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The most important archeological site in coastal Peru


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Started by the Lima culture around 200 CE, the Pachacamac ancient settlement includes large temples, a cemetery, and mysterious pyramids. Pachacamac is located 40 km (25 mi) southeast of Lima, in the Valley of the Lurín River. The site which covers about 600 hectares was named after the god Pacha Kamaq, "Earth Maker." The settlement flourished for over 1,300 years until the Spanish invasion.

Pacha Kamaq was considered to be the god by ancient people who lived in this part of Peru before the Incas. A god who made the first man and woman and also a god of fire and earthquakes. His looks were so scary that humans couldn't look at him. Pachacamac was centred around Pacha Kamaq temple and the god’s oracle, who was able to predict the future and share advice and prophecies. The temple was also used for worship by the Wari people in 650, and later the Inca who conquered it in 1470. Inca even included the god Pachacamac in their pantheon and allowed the religious ceremonies in the city to carry on.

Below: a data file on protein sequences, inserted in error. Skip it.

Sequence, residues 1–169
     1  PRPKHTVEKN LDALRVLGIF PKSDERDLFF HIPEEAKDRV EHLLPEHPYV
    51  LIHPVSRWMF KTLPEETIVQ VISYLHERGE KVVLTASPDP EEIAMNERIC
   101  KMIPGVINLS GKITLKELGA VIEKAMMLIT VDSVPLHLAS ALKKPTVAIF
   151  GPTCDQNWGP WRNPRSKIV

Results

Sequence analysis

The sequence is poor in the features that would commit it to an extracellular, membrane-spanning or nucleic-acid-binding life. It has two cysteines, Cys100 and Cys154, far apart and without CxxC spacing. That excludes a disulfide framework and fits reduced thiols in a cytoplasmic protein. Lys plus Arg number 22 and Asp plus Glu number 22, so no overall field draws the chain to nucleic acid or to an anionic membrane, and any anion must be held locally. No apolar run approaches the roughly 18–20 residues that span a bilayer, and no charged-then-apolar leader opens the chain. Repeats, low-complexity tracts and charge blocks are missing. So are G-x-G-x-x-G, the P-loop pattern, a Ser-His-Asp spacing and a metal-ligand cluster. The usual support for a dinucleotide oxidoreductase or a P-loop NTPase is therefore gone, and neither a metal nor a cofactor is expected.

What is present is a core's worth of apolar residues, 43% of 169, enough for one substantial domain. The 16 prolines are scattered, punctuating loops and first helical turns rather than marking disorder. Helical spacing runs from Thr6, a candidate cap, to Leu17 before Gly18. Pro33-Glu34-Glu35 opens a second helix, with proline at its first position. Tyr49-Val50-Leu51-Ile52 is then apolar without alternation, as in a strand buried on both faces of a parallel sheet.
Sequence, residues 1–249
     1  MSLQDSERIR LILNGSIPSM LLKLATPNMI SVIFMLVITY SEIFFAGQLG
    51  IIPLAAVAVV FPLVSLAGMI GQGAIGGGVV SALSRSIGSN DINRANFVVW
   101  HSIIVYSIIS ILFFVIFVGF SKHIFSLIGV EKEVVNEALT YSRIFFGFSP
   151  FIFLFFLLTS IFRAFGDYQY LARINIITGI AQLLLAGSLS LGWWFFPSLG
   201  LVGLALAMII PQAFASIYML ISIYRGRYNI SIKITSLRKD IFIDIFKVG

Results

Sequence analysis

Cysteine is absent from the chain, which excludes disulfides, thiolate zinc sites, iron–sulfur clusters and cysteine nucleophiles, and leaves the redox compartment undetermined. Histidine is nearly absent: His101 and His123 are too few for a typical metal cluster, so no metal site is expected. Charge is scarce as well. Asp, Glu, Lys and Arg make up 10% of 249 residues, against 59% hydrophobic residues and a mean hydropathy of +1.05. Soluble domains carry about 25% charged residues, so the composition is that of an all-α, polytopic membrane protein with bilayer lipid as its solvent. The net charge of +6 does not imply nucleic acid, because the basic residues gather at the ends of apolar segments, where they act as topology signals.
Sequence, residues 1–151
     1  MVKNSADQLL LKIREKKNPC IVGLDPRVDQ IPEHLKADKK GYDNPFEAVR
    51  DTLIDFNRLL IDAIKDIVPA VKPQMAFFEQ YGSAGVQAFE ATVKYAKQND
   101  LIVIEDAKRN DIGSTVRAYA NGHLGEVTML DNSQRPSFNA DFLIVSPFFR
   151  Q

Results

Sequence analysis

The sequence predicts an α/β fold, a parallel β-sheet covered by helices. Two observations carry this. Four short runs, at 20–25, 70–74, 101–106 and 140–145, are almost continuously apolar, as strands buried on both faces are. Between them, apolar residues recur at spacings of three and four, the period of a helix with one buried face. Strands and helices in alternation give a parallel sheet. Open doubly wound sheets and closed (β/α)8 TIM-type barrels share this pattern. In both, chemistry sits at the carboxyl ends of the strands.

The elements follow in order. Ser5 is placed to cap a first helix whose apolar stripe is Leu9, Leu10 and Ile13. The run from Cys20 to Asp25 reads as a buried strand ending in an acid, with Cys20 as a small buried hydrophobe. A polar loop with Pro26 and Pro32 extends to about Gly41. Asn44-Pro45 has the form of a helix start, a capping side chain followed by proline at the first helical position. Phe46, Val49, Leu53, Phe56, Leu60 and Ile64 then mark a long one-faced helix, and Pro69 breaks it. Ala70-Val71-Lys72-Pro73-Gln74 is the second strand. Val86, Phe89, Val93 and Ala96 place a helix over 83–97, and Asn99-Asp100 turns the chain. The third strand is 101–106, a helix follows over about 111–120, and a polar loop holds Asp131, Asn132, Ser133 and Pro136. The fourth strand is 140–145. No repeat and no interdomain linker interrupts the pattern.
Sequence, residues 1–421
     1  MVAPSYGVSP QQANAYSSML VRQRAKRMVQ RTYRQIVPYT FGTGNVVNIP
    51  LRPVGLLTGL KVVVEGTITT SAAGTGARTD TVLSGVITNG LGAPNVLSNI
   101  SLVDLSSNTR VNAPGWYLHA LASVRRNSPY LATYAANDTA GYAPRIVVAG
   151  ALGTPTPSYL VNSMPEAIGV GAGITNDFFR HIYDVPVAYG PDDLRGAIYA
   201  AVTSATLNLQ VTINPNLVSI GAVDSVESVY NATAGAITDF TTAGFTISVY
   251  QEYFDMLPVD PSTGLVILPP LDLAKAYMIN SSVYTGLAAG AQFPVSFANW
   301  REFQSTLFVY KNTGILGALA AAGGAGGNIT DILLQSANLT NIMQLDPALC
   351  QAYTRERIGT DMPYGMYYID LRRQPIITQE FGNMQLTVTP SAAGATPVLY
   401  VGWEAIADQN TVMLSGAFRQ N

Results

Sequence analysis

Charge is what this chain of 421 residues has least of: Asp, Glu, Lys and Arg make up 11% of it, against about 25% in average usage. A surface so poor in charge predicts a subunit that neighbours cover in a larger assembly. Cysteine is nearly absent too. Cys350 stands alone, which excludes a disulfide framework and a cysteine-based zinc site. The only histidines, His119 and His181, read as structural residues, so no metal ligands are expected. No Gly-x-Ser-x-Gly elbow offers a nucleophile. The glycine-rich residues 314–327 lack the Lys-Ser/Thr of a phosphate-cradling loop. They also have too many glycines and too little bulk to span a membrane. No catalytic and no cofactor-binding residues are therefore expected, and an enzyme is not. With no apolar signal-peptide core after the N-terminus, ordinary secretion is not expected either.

In the 1890s, archaeologists discovered Pachacamac and found many large buildings and burials. Quite a few pyramids with ramps and plazas dating between the late 1300s and the mid-1400s were also found. The three most famous pyramids are the Painted Temple, the Temple of the Sun, and the Old Temple of Pachacamac. The Temple of the Sun is 30,000 square meters and was built in a trapezoid shape, likely by Inca. Human sacrifices may have also taken place there, although there is no proof.

Unfortunately, in 1533 Spanish invaders looted the settlement and ruined many buildings. Today, visitors can see the remains of 20 different sites—temples, mausolea, and burials.

When you plan your visit to Pahacamac, choose a time during October through May as the summer is unbearably humid in this area.

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